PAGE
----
device handler  and  extension  sublist  components
              that  handle graphics devices.  Specifies a list of
              libraries made available for loading to  an  extension.
  The  syntax  is the same as the library_list
              syntax except that no further sublists are allowed.
              Specifies  a colon separated list of directories to
              search for finding libraries. If the list does  not
              begin  or  end with a colon, it will be used as the
              exclusive search path for libraries.  If  the  list
              begins  or ends with a colon, it is either appended
              or prepended to the default  library  search  path,
              which may either be a default search path as specified
 by the system loader or the search path specified
  by  the environment variable LD_LIBRARY_PATH.
              (See  the  manpage  for   /sbin/loader   for   more
              details.)   Specifies  the  list of arguments to be
              appended to the command line  arguments  passed  to
              the X server. Arguments can span multiple lines and
              no parsing is done by the Xdec command. The options
              -config  and  -errorFile  are  specific to the Xdec
              bootstrap command and cannot be  specified  in  the
              configuration file.

       The   Xdec   command  searches  for  libraries  using  the
       library_path specified in the configuration  file  or  the
       LD_LIBRARY_PATH  environment  variable.  Each component in
       the colon separated path is  searched.  In  addition,  for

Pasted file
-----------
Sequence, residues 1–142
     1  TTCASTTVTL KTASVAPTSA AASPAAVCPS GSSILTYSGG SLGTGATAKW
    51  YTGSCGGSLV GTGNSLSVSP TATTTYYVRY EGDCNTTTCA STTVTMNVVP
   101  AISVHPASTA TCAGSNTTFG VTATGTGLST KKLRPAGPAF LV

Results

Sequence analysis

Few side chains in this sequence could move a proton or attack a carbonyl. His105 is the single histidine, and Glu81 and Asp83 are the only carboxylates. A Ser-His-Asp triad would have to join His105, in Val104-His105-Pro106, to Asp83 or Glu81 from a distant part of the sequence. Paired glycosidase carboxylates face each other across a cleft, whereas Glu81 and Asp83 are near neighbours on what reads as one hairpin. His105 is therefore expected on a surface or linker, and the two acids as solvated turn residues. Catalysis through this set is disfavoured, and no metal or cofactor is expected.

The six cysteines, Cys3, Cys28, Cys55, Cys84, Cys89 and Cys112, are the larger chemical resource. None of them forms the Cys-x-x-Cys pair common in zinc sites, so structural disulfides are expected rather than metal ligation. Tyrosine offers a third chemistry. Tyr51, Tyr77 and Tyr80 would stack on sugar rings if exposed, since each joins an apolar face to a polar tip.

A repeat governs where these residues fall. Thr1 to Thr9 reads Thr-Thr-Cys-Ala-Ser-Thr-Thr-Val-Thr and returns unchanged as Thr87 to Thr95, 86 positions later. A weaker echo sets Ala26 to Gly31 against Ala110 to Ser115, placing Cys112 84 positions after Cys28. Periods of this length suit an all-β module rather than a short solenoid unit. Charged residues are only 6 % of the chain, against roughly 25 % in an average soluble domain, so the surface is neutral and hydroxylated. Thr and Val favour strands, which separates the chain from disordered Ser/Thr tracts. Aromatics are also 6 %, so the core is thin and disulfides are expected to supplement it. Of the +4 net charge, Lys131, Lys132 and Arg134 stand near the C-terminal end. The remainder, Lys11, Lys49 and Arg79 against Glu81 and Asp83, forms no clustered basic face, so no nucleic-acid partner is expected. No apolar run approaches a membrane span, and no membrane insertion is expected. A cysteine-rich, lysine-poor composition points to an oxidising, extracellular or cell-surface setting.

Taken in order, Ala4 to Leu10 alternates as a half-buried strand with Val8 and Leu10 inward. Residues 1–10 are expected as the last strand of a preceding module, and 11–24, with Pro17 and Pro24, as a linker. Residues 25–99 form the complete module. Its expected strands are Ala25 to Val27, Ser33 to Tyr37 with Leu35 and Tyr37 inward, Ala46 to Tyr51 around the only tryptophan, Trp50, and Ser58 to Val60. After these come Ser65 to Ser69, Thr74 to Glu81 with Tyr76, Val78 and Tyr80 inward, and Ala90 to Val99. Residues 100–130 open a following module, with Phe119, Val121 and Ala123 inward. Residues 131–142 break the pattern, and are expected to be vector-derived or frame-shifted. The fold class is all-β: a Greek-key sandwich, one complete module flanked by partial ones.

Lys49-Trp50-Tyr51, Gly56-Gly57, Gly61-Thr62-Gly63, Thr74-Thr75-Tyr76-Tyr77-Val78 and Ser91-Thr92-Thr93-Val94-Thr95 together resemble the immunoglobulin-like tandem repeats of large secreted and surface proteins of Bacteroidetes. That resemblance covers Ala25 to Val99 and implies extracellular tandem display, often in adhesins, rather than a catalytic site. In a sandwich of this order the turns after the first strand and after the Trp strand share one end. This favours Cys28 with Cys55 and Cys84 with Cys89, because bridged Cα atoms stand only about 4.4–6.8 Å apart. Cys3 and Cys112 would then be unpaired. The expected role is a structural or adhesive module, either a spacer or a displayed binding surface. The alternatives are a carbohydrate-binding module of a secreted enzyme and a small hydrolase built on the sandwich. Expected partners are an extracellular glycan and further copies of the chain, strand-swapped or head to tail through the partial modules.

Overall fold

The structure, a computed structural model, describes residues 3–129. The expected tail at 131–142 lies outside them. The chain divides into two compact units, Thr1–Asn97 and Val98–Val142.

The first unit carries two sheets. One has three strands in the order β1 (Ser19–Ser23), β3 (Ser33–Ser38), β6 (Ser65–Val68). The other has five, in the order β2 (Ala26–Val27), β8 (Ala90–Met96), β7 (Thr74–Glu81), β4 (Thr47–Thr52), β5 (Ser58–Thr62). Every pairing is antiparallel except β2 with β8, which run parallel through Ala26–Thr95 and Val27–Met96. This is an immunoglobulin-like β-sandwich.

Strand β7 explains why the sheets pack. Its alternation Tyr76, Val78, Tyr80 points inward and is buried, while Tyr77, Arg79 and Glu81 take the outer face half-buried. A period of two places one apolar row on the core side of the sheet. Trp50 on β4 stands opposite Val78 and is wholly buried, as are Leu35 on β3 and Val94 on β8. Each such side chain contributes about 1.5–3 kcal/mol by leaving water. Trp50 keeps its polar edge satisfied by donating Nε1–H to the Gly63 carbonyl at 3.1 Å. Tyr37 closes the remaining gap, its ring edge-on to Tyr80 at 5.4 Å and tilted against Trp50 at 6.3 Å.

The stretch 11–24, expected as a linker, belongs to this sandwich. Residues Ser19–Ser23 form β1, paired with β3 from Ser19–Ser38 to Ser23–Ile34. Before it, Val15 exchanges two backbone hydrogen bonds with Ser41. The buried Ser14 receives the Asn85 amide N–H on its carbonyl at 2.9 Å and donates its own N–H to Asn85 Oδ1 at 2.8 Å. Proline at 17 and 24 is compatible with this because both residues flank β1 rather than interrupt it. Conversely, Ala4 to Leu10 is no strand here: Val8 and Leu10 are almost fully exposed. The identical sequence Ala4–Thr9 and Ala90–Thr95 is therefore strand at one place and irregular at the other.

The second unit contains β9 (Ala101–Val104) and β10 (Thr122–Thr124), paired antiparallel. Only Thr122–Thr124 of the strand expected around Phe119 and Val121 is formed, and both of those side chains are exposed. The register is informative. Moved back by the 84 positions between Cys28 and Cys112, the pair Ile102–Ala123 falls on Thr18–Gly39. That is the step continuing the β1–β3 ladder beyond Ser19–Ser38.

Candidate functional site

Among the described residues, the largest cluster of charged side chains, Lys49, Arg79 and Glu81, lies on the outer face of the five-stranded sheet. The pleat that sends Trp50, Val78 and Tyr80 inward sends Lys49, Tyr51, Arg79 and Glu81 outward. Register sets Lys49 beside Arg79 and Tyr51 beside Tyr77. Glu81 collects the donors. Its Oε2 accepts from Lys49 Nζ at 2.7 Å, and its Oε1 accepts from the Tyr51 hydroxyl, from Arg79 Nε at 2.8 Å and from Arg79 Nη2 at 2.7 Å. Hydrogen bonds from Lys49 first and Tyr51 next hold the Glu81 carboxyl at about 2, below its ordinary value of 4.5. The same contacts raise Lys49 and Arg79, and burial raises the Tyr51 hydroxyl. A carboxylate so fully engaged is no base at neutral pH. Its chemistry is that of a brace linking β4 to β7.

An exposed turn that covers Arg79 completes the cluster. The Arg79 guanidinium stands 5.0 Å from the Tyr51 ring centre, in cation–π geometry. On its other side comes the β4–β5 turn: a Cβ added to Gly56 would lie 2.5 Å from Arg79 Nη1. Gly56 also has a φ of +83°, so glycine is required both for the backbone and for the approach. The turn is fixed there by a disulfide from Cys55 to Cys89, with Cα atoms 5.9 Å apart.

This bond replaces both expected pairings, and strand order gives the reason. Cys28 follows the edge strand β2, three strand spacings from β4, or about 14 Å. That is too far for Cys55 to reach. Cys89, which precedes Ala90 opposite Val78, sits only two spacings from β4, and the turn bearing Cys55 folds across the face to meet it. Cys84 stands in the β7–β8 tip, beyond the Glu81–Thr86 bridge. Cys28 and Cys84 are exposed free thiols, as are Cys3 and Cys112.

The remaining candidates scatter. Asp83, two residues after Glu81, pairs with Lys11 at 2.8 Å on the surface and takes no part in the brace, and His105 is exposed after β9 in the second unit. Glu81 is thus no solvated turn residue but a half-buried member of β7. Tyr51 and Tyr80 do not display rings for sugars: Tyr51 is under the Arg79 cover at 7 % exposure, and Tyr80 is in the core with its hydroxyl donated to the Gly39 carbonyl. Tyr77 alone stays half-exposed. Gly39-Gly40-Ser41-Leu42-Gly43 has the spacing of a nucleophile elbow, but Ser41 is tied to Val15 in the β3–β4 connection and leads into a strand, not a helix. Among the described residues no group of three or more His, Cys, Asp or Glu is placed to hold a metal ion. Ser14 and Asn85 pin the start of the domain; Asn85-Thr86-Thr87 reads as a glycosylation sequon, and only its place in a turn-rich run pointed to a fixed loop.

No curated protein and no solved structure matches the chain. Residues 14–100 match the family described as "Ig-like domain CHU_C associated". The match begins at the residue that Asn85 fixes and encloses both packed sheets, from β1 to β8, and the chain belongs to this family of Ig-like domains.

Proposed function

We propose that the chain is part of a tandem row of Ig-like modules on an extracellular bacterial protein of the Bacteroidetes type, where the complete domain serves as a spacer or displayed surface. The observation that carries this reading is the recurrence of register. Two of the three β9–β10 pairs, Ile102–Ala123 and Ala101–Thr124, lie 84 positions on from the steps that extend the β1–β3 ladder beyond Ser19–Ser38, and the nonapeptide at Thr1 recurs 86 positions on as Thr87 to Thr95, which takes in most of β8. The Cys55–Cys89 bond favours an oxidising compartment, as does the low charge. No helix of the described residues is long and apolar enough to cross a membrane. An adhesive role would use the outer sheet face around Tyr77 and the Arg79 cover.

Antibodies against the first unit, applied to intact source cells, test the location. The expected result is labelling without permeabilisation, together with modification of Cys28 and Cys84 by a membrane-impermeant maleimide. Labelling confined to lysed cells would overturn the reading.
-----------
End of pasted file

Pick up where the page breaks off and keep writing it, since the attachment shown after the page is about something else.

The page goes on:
each  component in the path, the path component/Xserver is
       also searched so that  X  server  libraries  can  be  more
       neatly  maintained  in a subdirectory.  The default search
       path is /usr/shlib/Xserver:/usr/shlib.

       The default system installation provides a sample configuration
  file  /usr/lib/X11/Xserver.conf.  It contains comments
 and shows examples for  setting  up  library  lists,
       library  sublists,  the  library  search  path, and sample
       argument lists.


       If you install a generic frame buffer device that has  the
       following characteristics, you can handle the frame buffer
       with the generic frame buffer handlers provided  with  the
       core X server components: Does not require any initialization
 beyond that done by the device driver.  Is a continuous
 array of packed pixels with a depth of 1, 8, 16, or 32
       bits.  Can be  accessed  through  the  workstation  device

       The  entries  you would need in the configuration file for
       initializing the device are as follows  for  the  1-,  8-,
       16-,  and  32-bit  deep devices, where device_name matches
       the moduleID of the graphics device:

       <   mfb     libmfb.so mfbScreenInit  device_name    >    <
       cfb     libcfb.so cfbScreenInit  device_name      >      <
       cfb16   libcfb16.so    cfb16ScreenInit     device_name > <
       cfb32   libcfb32.so    cfb32ScreenInit     device_name >

DIAGNOSTICS    [Toc]    [Back]

       If  run  from xdm, errors are typically logged in the file

FILES    [Toc]    [Back]

       Initial access control list Bitmap font  directories  Outline
  font  directories  DECwindows font directories Color
       database UNIX domain socket Error log file Default configuration
 file Loadable components Executable image

SEE ALSO    [Toc]    [Back]

       X(1X),  bdftopcf(1X),  mkfontdir(1X),  xauth(1X), xdm(1X),
       xhost(1X), xset(1X), xsetroot(1X), xterm(1X)

       X Window System Protocol, Definition of the Porting  Layer
       for  the X v11 Sample Server, Strategies for Porting the X
       v11 Sample Server, Godzilla's Guide to Porting the  X  V11
       Sample Server

[ Back ]